This week we welcome guest blogger, Daymarr Jackson. In addition to being Faith Church’s youth leader, Daymarr is a Chaplain candidate in the PA Army National Guard, and a MDiv student at Evangelical Seminary. Daymarr and his wife, Danielys, have two children. This week he continues our series on the Fruit of the Spirit.
As I was doing research on the topic of gentleness this week, I noticed that there’s not as many articles, sermons and podcasts about gentleness as there are for various other biblical topics and content. The more I dove into this, I realized that the Bible actually has a lot to say about gentleness. Proverbs 15:1 says, “A gentle answer turns away anger, but a harsh word stirs up wrath.” Sometimes we when we’re having a disagreement with somebody, and they’re being aggressive towards us, we feel like we just need to get more aggressive. They’re loud…we just get louder. But the Bible is telling us that a gentle answer turns away anger, and a harsh word stirs up wrath.
Paul says this in Colossians 3:12, “Therefore, as God’s chosen ones, holy and dearly loved, put on compassion, kindness, humility, gentleness, and patience.” And in Ephesians 4:2, Paul says, “Therefore, I, the prisoner in the Lord urge you to walk worthy of the calling you have received with all humility, and gentleness, with patience, bearing with one another in love, making effort to keep the unity of the Spirit through the bond of peace.”
I wonder if the reason that we do not talk much about gentleness is maybe because we confuse gentleness with weakness.
Who wants to be weak, right? But Paul, the apostle says that weakness is actually strength. He says this in 2 Corinthians 12:9-10, “But then [the Lord] said to me, ‘My grace is sufficient for you, for my power is made perfect in weakness.’ Therefore, I boast all the more gladly about my weaknesses, so that Christ’s power may rest on me. That is why for Christ’s sake, I delight in weaknesses, in insults in hardships, and persecutions, in difficulties. For when I am weak, I am strong.”
There’s a story in Mark 10:35-37 where the disciples are having this conversation. And a couple of disciples say to Jesus, “We want to be the greatest in in your kingdom. What do we have to do to make this happen?” Jesus responded, “You know that the rulers in this world lord it over people and officials flaunt their authority over those under them, but among you, it will be different. For whoever wants to be a leader among you must be the servant of all, and whoever wants to be first among you must become your slave. For even the Son of Man came not to be served, but to serve others to give his life as a ransom for many.”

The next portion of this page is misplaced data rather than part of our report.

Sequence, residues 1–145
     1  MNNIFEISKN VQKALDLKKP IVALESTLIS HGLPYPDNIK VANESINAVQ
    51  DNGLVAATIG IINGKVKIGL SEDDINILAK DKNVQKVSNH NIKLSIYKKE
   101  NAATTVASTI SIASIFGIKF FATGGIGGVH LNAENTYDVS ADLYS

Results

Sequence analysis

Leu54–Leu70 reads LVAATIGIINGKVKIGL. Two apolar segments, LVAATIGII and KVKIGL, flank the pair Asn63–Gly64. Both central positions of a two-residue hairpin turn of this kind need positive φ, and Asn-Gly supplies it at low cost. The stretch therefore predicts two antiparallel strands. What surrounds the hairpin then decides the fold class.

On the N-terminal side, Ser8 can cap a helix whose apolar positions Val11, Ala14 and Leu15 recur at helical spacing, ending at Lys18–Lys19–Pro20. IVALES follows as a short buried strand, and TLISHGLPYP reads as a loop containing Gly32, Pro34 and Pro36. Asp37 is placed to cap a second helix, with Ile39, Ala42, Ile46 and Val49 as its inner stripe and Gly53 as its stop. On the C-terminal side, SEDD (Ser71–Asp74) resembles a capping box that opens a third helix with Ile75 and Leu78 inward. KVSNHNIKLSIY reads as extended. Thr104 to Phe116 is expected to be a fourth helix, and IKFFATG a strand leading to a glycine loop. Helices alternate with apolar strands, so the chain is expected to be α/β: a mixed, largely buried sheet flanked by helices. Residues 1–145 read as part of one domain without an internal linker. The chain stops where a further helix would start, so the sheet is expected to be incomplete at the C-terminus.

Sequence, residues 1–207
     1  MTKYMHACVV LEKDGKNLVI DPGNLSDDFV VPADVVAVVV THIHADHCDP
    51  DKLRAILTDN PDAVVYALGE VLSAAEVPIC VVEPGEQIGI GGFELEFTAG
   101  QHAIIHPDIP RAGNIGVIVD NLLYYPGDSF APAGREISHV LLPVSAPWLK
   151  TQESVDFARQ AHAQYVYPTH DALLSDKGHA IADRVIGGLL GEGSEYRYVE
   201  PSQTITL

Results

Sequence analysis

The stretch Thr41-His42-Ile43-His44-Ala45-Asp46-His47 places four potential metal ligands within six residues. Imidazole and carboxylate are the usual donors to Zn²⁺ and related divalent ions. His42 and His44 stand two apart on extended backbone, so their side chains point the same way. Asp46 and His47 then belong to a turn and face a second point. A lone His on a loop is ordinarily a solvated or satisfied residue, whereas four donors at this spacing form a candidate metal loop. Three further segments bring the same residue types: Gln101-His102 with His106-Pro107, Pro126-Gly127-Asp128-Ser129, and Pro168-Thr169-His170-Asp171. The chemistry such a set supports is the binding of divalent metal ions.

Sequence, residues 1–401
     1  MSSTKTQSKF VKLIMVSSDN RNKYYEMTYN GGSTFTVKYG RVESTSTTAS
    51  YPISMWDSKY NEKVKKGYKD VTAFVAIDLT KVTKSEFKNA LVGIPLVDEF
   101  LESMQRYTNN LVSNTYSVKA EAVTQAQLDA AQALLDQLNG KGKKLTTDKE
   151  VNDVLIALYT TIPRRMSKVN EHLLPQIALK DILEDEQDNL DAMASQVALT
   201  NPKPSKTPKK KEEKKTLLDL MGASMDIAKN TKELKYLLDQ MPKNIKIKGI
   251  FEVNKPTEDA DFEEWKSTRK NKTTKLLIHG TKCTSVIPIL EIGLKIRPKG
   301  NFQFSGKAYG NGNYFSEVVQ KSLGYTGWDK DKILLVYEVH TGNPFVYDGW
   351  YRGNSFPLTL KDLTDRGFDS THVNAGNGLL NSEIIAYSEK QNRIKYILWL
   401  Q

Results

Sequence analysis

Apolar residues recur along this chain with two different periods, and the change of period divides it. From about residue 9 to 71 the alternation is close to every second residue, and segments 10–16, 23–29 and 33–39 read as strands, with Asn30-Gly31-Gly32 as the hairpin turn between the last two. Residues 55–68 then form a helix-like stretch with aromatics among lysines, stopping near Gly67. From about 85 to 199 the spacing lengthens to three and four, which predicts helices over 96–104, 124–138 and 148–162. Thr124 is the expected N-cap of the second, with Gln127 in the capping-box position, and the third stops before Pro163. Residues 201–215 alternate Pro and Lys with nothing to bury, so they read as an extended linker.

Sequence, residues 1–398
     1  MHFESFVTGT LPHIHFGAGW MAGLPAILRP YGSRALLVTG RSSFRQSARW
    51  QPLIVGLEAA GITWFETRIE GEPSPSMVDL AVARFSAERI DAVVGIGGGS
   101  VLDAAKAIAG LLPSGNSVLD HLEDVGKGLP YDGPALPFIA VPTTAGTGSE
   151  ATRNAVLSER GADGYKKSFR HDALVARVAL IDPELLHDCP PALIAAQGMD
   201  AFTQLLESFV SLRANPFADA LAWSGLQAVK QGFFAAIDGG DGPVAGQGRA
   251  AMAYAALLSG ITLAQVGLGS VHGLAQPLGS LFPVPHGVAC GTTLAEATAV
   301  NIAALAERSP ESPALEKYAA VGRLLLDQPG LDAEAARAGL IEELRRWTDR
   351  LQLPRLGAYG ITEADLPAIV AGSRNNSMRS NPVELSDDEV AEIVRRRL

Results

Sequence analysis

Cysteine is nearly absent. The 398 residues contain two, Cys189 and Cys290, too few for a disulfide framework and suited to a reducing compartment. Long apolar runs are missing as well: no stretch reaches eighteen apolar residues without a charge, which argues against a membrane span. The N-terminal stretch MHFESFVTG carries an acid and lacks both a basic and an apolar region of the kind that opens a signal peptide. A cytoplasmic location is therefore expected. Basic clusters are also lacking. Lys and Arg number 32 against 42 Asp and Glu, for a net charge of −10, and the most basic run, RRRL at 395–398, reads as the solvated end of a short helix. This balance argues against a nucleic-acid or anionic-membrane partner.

Everything that happens within the kingdom is kind of contrary to what we naturally think, or what we naturally believe. Jesus is telling us that in order to be great, or to be the greatest, that we must become the least, and to serve. The Passion translation puts it this way, “Kings and those with great authority in the world rule oppressively over their subjects, like tyrants, but this is not your calling. You will lead by a completely different model; the greatest among you will live as the one who was called to serve others because the greatest honor and authority is reserved for the one with the heart of a servant. For even the Son of Man did not come expecting to be served but to serve and give his life in exchange for the salvation of many.” Jesus says “it will be different among you” when he talked to his disciples, and the question I have for you this week is, “Is it really different among you?”
What does it mean to practice a life of gentleness so that we are different like Jesus calls us to be? Check back in to the next post!